AI bias must be tackled to avoid it 'unknowingly' harming people

Experts warn we must "think about the ethical implications" of AI bias

AI digital brain

While AI hasn't quite come of age, it's now got to a point where most people understand what the benefits are.

However, for all the benefits on offer, companies looking to take advantage of AI must still put ethical considerations and the avoidance of bias on the priority list, according to a panel session held at Salesforce's Dreamforce conference in San Francisco this week.

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"Accuracy levels are so high now that the kind of things you can do in one year were not possible years ago with hundreds of people," said Richard Socher, chief scientist at Salesforce.

"Now that this stuff is working, we really need to think about the ethical implications."

Kathy Baxter, an architect in Salesforce's Ethical AI Practice, concurred about the need to ensure such sophisticated technologies do more good than harm, adding: "How do we rebuild software that truly has a positive impact on the people it serves?"

"AI can do so much tremendous good, but it can have the potential to unknowingly harm individuals. We can't expect AI to magically exclude bias in society bias is baked in."

Baxter continued: "How do we represent the world that we want and not the world as it is?"

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Given AI essentially needs to learn, it will take its lead from human beings so it's the responsibility of humans to act ethically and do the right thing when it comes to AI development, agreed the panel moderated by Salesforce futurist Peter Schartz.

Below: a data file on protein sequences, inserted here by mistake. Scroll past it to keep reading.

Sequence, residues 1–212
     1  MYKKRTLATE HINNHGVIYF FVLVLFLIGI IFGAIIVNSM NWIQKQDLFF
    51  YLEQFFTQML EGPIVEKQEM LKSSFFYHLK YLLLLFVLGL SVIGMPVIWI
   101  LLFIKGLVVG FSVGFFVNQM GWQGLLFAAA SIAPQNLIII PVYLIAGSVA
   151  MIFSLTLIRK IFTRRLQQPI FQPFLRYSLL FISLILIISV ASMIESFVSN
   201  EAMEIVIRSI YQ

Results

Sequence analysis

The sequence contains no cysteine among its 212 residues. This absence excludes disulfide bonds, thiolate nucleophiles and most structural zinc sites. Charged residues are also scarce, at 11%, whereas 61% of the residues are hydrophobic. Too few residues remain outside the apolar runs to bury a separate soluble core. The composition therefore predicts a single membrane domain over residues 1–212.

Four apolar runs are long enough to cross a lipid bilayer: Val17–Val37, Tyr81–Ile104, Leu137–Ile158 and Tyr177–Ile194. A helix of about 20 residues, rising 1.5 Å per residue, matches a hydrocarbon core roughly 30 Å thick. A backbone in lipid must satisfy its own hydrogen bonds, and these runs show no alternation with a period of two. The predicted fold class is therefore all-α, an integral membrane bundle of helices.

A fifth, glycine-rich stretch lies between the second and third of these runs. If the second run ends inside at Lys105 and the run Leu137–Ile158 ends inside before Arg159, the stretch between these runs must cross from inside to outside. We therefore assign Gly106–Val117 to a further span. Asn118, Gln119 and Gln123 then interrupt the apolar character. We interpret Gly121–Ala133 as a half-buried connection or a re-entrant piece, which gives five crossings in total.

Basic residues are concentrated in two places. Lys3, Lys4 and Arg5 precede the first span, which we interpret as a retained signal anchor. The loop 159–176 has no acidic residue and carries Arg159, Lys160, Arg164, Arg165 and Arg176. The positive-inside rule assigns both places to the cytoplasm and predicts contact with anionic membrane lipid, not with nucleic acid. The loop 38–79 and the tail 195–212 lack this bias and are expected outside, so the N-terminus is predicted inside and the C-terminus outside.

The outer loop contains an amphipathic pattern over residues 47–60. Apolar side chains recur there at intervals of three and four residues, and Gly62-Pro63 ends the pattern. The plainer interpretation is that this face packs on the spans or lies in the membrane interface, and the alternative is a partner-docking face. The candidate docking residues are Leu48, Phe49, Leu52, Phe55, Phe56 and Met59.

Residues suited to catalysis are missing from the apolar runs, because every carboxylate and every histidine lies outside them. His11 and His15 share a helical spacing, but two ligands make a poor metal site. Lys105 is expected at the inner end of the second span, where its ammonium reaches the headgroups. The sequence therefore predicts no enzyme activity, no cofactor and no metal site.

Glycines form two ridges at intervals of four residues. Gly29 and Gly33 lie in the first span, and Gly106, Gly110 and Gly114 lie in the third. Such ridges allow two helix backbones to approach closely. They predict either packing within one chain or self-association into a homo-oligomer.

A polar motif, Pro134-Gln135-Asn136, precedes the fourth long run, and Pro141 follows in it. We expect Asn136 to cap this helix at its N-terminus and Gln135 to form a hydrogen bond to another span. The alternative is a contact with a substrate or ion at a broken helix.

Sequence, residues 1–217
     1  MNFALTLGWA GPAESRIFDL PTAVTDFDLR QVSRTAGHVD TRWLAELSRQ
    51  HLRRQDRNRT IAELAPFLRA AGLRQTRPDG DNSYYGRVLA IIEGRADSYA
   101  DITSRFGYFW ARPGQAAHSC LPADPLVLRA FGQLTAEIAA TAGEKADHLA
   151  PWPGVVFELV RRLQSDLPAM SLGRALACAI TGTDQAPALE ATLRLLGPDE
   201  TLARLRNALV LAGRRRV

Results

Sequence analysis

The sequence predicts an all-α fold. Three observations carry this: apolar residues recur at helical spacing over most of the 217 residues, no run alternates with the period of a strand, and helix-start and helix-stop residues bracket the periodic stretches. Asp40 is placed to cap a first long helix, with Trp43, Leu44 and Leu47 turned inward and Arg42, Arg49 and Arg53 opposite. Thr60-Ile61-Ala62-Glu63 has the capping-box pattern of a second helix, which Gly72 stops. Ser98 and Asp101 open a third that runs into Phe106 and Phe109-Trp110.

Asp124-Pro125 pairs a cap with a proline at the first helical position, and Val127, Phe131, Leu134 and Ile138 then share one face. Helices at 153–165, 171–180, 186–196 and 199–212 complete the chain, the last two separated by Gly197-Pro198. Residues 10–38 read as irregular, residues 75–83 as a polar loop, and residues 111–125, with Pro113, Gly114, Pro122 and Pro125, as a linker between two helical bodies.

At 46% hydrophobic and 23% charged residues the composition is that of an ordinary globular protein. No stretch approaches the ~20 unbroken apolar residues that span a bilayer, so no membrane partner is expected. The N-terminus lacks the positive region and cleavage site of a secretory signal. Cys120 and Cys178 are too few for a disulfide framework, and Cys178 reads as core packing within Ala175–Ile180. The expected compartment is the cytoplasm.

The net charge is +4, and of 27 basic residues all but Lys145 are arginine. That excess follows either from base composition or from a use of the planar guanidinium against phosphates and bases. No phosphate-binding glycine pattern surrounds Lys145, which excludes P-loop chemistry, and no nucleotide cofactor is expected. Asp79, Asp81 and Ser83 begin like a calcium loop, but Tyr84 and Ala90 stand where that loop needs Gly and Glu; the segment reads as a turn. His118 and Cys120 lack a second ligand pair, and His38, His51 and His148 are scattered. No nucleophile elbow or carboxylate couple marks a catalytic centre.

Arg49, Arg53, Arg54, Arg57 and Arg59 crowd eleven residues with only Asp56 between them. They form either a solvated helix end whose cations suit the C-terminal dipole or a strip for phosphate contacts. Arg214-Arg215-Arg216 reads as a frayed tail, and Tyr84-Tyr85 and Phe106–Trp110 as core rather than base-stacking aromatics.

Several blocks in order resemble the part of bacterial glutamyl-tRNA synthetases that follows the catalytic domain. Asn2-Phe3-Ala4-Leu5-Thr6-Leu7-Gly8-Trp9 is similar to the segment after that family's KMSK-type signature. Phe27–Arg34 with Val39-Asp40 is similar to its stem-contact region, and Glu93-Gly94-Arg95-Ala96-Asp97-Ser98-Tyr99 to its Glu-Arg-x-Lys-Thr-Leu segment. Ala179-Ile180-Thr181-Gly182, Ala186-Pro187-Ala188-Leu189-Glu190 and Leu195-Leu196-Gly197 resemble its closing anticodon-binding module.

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Baxter stressed that in particular, there's a need to ensure that people are not adversely impacted because of factors they cannot change or control, such as gender or race.

The panel highlighted that it will be just as important to educate people on the shortcomings of AI and potential bias as it is to promote the benefits of smart systems. Ultimately, like with technology today, the results you get out are only as good as the data that's put in. The same is true of AI as it stands now.

"AI will have a bigger impact than the internet on humanity," Socher added. "AI will pick up bias and either amplify it or keep it going. We have to educate people that AI is only as good as the training data."

When it comes to that so-called training data, Baxter said Salesforce recognised its role in boosting awareness and education levels. Using Trailhead, as well as other AI-focused resources, the cloud firm hopes to help open peoples' eyes to the potential and the pitfalls so they can make informed decisions.

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"The quality of that training data is key. It helps customers see and understand the data so they can identify if there is any bias there if there are any errors, so they can correct it," Baxter added.

"Ethics is a mindset, not a checklist and we need to instil it early on."

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